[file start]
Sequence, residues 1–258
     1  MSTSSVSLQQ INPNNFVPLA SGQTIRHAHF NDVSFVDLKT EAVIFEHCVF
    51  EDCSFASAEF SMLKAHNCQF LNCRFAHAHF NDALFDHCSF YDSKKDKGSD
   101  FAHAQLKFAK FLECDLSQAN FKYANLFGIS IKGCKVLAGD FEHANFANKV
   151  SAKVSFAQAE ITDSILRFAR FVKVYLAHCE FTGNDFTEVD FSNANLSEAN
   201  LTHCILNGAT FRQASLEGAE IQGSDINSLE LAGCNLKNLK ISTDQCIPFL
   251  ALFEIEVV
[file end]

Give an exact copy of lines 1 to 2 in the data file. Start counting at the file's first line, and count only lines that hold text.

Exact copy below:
Sequence, residues 1–258
     1  MSTSSVSLQQ INPNNFVPLA SGQTIRHAHF NDVSFVDLKT EAVIFEHCVF